It was Valentines Day 2012 and I had a strong feeling that my fiancé, John, who knew my feelings about Valentines Day, yet still enjoyed celebrating, had also been so busy with work that month that he completely forgot to do anything about it. I knew he’d kick himself for not doing anything, so I took it upon myself to finally do something special for a change.

On my way to see him at his event that evening, I stopped by a Whole Foods and purchased two Valentines Day cards and two different, special craft beers. (This was in California, mind you.) I picked one card for him, and one for him to give to me. I’ll never forget that night. He took a quick break to sit in the car with me and chat. I surprised him with the idea and we signed, then exchanged our cards and beers, and shared a beer together. It was such a blast. Really, what ended up being so interesting about this “save,” was that I discovered, when picking the card for him to give to me, I had a chance to playfully help him express his love, but in a way that I’d especially love to hear it. It made me vulnerable, and it was totally fun at the same time.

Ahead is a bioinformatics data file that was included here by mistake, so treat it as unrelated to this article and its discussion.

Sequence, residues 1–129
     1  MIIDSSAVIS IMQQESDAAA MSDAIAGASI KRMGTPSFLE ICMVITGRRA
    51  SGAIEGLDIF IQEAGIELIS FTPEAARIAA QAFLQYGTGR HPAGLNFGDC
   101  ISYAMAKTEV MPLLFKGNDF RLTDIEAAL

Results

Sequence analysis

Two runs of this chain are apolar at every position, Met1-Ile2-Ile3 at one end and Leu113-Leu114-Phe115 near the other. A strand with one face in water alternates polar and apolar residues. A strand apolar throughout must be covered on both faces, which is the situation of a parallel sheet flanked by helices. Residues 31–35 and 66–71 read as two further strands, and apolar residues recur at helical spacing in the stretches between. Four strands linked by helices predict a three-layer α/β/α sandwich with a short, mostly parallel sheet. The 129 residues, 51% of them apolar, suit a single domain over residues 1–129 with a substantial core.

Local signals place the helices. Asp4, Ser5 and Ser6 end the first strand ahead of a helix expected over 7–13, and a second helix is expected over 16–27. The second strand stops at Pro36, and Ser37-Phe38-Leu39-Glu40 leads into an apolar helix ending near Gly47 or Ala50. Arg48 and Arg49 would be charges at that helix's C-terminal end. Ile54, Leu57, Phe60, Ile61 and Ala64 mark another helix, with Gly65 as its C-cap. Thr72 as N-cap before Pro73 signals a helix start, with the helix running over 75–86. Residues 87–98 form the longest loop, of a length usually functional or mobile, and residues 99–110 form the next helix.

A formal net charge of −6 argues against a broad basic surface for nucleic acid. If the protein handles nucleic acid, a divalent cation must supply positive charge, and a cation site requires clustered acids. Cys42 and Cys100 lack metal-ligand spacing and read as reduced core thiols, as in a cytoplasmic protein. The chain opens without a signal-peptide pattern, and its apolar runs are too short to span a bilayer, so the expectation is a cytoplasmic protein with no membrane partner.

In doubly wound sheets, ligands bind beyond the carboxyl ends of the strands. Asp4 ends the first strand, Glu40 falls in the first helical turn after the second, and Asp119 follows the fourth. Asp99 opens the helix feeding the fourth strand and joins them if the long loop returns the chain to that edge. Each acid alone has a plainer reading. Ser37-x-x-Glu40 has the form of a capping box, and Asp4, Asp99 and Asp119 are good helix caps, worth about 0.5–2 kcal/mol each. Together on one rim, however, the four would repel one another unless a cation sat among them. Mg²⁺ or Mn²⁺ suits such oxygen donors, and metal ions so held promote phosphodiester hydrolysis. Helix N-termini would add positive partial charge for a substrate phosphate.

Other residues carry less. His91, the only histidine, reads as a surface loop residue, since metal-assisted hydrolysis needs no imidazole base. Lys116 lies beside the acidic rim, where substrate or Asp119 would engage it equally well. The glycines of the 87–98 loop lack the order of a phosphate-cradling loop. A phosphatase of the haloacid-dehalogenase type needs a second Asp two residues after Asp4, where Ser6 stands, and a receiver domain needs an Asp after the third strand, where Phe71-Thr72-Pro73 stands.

I know I scored major points that night, and my husband will forever bow to my feet for having his back, and being so graceful about it. And, I will say, the creativity that I used that Valentines Day opened something up for me, too. Now I approach Valentines Day as not just a “show-me-how-much-you-care Day,” but as a day to be in-Love again! And I feel like John picked up on this vibe, too.